An American Girl in Washington

On Gentrification

Posted in All about moi, Just another day in DC, Politics- as I see it by AGinDC on 17 March 2011

First of all, I’d like to give a shout-out to intelligent journalism.  That ish is rarer than a dodo bird these days and I am thrilled that Washington City Paper is home to a writer such as this.  Amen!

Second, now that I live in Columbia Heights (I didn’t feel this way in Adams Morgan) I am constantly aware of being a black girl in Prada flats and a trench coat waltzing by the city’s original residents and wondering where I fit in.  I’ve spent all of my life being the black girl who fits in better in Club Monaco than FUBU (that’s what a Seattle upbringing will do to you) and living in South Louisiana for two years taught me the values of code switching more thoroughly than ever before.  But never have I lived in a city that is changing as quickly, and as starkly, as DC, and never have I seen politics and policy play out so clearly on every street corner.

This has also affected my dating life.

As a black girl who attended a Top 25 private undergrad and a Top 10 law school, dating a brother is hard.  There were three black men in my law school class.  One was straight.  Times was hard.  In fact, I was just laughing with my equally well-educated black girlfriends today because a young man who tried, unsuccessfully, to court me this winter sent me an evite with a completely made up word in it.  And he has two degrees in… wait for it… EDUCATION!  Of course I forwarded it right away and we all had a good laugh, before realizing that this is why we’re single.  Being a complete anomaly is a challenge, to say the least, and whether I date black men with high school diplomas (that didn’t work out so well) to black men with multiple degrees who still can’t grasp the basic concept of proofreading (he didn’t even get a chance), the fact is that my friends and I spend 90% of our time single.  And not just single, not dating.  At all.  We had a long conversation at our all female, all lawyers, all from T14s book club a few weeks ago about how we’re not even meeting anyone to give a chance.

That’s how bad.

And yet every day now I walk past scores of black men, young and old, who are being drowned out by the Target and the Starbucks and the rent that young professionals still need roommates to afford.  And everyday I walk by and have to remind myself to see them.  Because we may look the same, but our experiences are so different, and the author of this piece is right, it’s about class much more than it’s about race, that I have to remind myself on a constant basis that not everyone in this town goes to Buddha Bar for their birthdays.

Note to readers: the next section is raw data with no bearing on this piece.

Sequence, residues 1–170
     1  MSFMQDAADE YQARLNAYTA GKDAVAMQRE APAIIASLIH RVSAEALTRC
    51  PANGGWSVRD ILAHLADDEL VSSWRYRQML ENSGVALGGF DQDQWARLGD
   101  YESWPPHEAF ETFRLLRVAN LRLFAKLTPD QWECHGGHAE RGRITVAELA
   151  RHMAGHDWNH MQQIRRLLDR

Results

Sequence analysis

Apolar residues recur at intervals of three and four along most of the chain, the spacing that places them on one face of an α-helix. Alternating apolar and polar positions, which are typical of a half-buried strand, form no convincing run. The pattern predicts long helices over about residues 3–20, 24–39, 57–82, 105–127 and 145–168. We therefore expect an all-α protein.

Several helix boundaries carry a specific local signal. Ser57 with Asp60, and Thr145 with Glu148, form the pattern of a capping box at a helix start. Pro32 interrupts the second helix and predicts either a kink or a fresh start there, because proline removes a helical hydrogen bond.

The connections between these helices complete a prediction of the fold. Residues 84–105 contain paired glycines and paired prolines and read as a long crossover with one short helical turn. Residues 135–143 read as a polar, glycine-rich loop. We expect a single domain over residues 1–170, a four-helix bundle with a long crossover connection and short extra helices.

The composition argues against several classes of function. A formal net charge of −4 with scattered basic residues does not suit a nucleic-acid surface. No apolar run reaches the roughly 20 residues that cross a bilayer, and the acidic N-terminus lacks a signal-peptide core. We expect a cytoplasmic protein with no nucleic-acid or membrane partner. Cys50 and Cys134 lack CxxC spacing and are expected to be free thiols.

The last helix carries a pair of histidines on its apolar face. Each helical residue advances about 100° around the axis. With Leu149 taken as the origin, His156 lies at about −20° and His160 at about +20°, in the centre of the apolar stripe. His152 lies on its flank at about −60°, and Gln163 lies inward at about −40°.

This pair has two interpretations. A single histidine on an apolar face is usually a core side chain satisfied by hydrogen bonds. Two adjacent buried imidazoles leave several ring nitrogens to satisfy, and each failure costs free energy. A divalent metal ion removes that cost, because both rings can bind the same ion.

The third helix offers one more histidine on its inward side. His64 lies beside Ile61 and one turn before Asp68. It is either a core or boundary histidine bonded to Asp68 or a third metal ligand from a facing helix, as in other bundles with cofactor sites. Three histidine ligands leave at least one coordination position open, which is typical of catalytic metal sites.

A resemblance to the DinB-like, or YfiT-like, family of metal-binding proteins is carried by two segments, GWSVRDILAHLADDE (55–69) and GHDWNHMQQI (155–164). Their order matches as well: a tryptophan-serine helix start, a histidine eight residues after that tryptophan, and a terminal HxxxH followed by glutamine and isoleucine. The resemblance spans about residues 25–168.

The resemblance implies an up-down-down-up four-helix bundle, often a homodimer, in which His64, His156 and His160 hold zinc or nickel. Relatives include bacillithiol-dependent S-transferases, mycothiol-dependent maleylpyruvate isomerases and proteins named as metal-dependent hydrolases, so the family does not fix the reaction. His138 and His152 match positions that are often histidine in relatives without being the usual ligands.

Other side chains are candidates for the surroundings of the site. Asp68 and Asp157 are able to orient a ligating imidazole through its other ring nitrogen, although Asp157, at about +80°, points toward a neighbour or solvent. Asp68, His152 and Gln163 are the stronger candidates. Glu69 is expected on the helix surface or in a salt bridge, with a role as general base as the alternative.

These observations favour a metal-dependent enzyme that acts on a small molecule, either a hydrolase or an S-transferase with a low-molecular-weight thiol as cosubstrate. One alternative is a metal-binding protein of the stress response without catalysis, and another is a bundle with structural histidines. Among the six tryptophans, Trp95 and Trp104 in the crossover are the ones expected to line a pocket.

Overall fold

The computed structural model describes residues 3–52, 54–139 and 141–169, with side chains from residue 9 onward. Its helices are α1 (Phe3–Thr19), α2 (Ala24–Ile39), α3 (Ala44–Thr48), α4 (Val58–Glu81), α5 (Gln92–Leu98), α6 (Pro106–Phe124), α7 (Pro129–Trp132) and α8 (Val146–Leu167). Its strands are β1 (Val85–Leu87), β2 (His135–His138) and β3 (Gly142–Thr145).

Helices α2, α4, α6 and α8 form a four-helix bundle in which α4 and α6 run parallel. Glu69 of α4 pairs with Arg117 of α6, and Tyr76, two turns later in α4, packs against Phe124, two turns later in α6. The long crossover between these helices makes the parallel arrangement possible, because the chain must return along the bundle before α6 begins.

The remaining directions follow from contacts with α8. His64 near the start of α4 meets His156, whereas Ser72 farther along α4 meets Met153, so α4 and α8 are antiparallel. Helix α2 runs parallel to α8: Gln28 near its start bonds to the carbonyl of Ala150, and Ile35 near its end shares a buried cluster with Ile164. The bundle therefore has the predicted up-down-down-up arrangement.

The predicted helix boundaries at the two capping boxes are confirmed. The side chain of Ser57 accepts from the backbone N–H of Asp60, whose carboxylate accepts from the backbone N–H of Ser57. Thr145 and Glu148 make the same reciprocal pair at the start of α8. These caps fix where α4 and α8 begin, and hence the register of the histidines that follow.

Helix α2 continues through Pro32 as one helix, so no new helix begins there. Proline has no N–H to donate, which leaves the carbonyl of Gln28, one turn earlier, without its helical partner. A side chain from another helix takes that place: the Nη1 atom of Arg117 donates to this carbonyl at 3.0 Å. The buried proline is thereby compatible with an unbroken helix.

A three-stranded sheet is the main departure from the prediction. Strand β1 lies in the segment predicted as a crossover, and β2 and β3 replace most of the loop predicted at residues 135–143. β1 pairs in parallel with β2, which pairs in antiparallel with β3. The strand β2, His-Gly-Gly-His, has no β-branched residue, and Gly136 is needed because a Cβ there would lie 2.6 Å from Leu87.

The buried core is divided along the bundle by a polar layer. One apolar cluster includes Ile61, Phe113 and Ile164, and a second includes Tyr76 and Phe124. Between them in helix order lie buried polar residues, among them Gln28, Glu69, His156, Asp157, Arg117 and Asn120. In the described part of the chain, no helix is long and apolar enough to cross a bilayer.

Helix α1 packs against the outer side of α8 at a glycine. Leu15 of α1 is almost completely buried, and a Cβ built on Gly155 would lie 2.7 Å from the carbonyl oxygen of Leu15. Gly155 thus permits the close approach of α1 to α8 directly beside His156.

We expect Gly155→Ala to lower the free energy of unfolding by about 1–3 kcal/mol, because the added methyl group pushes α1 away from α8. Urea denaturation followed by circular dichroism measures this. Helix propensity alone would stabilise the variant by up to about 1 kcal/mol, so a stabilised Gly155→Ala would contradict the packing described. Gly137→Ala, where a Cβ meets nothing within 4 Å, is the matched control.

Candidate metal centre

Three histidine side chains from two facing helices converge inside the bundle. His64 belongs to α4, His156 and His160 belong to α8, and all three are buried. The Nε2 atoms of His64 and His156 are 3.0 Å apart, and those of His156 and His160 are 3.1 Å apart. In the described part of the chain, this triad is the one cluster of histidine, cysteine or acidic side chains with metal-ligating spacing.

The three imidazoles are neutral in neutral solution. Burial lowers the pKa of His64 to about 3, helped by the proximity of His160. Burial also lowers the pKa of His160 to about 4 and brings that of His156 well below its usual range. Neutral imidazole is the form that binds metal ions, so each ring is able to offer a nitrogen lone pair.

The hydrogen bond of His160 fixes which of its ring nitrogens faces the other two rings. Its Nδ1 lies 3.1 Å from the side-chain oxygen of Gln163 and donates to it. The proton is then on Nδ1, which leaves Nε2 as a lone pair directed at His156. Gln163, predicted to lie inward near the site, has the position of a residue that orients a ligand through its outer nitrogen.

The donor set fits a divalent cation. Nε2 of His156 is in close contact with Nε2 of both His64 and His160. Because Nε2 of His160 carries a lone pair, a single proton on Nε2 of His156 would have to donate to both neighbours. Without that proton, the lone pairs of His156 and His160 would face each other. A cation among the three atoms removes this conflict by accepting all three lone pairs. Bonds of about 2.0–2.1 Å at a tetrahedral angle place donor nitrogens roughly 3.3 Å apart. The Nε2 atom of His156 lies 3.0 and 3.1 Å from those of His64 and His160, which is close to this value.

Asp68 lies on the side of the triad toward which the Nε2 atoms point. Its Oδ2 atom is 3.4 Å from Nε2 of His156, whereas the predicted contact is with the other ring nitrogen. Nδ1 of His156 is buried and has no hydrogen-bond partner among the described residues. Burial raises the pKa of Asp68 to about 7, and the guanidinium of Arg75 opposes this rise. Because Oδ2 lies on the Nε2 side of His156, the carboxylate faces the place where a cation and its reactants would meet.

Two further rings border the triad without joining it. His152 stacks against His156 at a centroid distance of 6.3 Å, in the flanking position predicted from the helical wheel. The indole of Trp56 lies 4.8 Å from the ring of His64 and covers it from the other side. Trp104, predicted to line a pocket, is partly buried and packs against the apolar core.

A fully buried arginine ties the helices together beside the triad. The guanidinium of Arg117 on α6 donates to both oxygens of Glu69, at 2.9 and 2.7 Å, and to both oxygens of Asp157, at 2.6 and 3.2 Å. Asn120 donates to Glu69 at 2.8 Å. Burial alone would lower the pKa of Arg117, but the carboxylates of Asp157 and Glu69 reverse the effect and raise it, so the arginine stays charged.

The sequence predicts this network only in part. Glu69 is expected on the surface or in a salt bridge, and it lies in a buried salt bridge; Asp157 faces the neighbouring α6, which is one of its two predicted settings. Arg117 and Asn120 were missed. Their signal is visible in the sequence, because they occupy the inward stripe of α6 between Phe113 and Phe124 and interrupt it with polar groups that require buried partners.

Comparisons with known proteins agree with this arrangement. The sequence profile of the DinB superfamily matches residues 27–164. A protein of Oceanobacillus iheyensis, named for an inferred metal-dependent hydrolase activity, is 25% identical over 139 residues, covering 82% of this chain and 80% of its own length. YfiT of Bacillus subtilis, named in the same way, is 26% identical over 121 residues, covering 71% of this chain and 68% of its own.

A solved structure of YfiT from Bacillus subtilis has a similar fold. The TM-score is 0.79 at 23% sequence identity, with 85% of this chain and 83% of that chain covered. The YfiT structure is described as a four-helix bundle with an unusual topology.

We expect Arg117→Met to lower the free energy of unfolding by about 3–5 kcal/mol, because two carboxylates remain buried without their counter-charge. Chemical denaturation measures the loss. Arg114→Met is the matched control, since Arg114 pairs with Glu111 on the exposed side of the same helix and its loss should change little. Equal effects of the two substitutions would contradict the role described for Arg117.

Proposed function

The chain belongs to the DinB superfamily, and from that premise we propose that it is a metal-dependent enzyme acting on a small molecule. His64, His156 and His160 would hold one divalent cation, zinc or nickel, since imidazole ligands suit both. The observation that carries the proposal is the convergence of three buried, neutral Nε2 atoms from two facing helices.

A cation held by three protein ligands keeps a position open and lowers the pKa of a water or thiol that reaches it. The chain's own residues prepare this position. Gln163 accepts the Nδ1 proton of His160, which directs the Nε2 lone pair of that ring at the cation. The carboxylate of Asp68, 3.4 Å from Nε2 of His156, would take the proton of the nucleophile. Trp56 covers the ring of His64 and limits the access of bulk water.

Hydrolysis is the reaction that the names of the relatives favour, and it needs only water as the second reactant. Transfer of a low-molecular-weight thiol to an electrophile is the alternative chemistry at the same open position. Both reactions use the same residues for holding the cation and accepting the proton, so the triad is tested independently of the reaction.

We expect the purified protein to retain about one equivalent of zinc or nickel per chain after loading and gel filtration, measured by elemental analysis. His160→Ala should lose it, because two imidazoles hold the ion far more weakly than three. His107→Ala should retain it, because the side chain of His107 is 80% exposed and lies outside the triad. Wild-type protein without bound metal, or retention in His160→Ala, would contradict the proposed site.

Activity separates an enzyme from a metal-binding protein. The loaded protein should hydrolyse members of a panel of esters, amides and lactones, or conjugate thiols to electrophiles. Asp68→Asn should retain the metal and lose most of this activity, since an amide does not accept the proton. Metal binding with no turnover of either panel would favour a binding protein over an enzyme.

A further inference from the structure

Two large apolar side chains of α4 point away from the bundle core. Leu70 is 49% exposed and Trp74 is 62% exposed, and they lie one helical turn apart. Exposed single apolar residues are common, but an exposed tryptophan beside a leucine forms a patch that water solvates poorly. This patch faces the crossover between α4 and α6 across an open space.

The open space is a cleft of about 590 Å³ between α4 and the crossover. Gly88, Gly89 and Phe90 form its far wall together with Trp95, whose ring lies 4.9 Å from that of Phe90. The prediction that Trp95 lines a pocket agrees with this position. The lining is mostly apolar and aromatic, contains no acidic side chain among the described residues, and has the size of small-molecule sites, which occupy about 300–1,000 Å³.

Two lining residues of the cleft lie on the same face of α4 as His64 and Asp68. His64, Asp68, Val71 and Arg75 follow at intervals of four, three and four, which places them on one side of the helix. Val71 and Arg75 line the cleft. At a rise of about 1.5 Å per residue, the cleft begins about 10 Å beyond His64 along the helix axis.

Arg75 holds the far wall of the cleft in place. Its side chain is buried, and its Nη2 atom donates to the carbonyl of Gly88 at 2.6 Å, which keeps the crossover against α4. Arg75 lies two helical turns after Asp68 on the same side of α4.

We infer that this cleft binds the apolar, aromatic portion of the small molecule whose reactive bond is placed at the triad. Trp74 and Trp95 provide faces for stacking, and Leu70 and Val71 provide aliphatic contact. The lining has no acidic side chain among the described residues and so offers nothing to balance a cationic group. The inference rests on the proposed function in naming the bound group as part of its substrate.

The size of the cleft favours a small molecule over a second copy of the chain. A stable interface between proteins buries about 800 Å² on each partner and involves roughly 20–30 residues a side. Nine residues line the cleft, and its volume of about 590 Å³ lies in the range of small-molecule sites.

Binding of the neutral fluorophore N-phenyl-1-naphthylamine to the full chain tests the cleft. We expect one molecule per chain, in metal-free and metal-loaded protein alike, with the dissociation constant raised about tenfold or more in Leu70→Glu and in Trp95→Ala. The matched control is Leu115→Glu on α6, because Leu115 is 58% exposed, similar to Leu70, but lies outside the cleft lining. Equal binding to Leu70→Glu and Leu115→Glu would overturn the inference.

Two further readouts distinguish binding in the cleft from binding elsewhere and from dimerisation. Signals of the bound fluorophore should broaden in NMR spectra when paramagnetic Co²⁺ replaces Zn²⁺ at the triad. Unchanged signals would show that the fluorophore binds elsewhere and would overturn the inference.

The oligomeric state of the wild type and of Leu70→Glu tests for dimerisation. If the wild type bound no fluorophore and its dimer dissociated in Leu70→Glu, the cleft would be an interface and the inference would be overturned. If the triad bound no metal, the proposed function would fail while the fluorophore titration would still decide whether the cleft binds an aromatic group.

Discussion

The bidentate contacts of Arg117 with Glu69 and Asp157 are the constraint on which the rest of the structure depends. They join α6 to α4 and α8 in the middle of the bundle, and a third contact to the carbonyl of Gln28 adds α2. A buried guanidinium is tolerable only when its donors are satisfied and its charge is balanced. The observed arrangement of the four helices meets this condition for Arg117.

I know that makes me sound like an awful person, but it’s true.

I often get down on my life, lament at how I’ve never done anything or been anywhere and that I’m so pathetic compared to everyone else.  My mother constantly has to remind me that I have spent most of my life in a bubble where everyone I know is exactly like me, and that if I bothered to look around I would remember how privileged I am.  She has to say this even after I’ve done Teach For America.  If anyone should know at this point, I should.  And I do, when I’m consciously thinking about it.  But that’s not the problem.  I know Japan is having a major energy crisis when I turn on the news, but I don’t think about that nuclear reactor when I turn on the light.  The fact is, it’s easy for us to get so wrapped up in our own lives and struggles and fears and ambitions that we forget at times how lucky we are.  And there’s nothing wrong with that.  People have to live their lives.  But when you’re in a city like DC, in a neighborhood like Columbia Heights, where every day you’re living on top of people who can’t attain the life that’s all around them, you really need to think about it a little more.

Or at least, I do.

Thanks WCP, for letting me know that I’m not the only one.



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  1. […] few months ago I wrote about an amazing article that very well summed up my feelings on being a young black professional who is […]

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